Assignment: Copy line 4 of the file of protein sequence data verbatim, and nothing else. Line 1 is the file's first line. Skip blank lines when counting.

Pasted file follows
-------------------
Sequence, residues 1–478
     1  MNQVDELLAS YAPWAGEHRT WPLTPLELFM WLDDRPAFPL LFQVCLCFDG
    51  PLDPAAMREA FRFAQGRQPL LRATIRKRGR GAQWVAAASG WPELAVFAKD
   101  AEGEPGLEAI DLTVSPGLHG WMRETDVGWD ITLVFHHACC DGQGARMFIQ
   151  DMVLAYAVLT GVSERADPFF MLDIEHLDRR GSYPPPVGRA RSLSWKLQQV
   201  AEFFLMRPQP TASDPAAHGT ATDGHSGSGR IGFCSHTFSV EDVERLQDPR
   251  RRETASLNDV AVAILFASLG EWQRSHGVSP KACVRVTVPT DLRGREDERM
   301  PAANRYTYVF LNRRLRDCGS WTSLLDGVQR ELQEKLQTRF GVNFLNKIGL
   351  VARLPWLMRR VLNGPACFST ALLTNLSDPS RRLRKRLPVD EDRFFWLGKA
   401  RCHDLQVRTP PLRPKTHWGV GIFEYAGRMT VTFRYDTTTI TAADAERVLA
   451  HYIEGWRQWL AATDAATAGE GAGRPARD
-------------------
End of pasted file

   101  AEGEPGLEAI DLTVSPGLHG WMRETDVGWD ITLVFHHACC DGQGARMFIQ